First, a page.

Memorial Day has always held a special place in my heart, and I believe the privilege of living and working in the nation’s capital has a lot to do with that. When I think of the Lincoln Memorial that enshrines the memory of a president and the union he helped preserve, I can’t help but pause to give thanks for this country. I am humbled when I envision Arlington National Cemetery’s endless rows of white tombstones, many bearing inscriptions of all-too-recent years, and recall the faint sounds of Taps drumming in the background. When I remember the Washington Monument, towering steadfastly over the city that bears his name, I have hope for my children and my children’s children.
It is with tremendous pride that Balfour Beatty has built monuments, memorials and government buildings that are often mentioned in the same breath as those historic landmarks. From projects like the National Museum of the Marine Corps to the Air Force Memorial and Walter Reed National Military Medical Center, our team has helped pay homage to generations of “greatest Americans.” One of the most challenging and rewarding missions we executed was the Pentagon Memorial, which honors victims of 9/11. Of this project, my friend and colleague Mark Konchar said it best: “It has touched me personally and professionally. It shaped my views of our business and what is possible in our industry.”
As a Division, we maintain a healthy balance of both private and public projects throughout the Mid-Atlantic region. Federal work, however, has a way of connecting project teams in a way that I’ve rarely seen replicated on an office tower or multifamily high-rise, for example. It’s brought a tear to my eye on more than one occasion to converse with an active duty service member, knowing that even in the very moment we are discussing subcontractors or square feet, he stands ready to answer his nation’s call. When your client is the individuals who bravely and selflessly secure our freedom–especially those who have been wounded in the process–you can’t help but feel inspired and to grasp, perhaps on a subconscious level, that everything you stand for as an American is somehow connected to the job at hand.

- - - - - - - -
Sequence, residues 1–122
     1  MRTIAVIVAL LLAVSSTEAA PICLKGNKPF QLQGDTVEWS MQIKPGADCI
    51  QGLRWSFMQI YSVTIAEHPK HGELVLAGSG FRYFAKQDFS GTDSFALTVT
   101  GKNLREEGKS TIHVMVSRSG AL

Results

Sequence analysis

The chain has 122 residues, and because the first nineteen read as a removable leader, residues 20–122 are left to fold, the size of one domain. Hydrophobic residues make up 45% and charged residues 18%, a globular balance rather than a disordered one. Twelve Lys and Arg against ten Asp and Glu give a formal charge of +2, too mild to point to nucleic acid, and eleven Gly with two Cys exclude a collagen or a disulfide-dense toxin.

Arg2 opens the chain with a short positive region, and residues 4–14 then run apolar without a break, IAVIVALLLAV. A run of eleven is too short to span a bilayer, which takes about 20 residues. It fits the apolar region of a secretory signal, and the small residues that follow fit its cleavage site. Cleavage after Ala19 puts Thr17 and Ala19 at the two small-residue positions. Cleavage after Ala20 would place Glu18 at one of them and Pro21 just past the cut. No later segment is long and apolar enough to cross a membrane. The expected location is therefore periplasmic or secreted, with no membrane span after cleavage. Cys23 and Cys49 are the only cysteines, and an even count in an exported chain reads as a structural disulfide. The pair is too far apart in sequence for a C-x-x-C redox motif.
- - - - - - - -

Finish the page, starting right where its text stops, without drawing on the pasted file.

As I reflect on our multi-decade legacy in the federal marketplace, I also have enormous respect for the stringent safety standards the government mandated long before the construction industry instituted similar objectives. When it comes to innovation, federal projects have often served as a testing ground for technologies like Building Information Modeling (BIM) long before they made waves in the private arena.
Perhaps there has been no greater testing ground for Balfour Beatty's Mid-Atlantic Division than the $1.4 billion National Geospatial-Intelligence Agency (NGA) Campus East Headquarters joint-venture project. From pursuit to final close-out, our team rose to the magnitude of the challenge before them, delivering this integrated design-bid-build project for the U.S. Army Corps of Engineers six months ahead of schedule and on budget. At the end of my career, I will look back on this project as not only a pinnacle of design and construction but also as representative of the very heart and soul of Balfour Beatty.
Recently, my 20-year-old daughter, Katie, told me a story that made me comprehend–with fresh eyes–the impact Balfour Beatty has had on the metro-D.C. area. As parents are known to do, she’d been asked what her father does for a living. When my daughter responded that I work for Balfour Beatty, her friend’s dad, immediately making the connection, responded that he’d just had the opportunity to tour the Marine Corps Museum, where we are currently building a large expansion onto the original building we completed in 2006. My daughter shared how proud she was, but make no mistake, I was the one beaming. It is both an awesome and awe-inspiring responsibility to have been entrusted with projects that memorialize history even as they become part of it. Projects that are as life-changing for the builder as they are for client and visitor alike.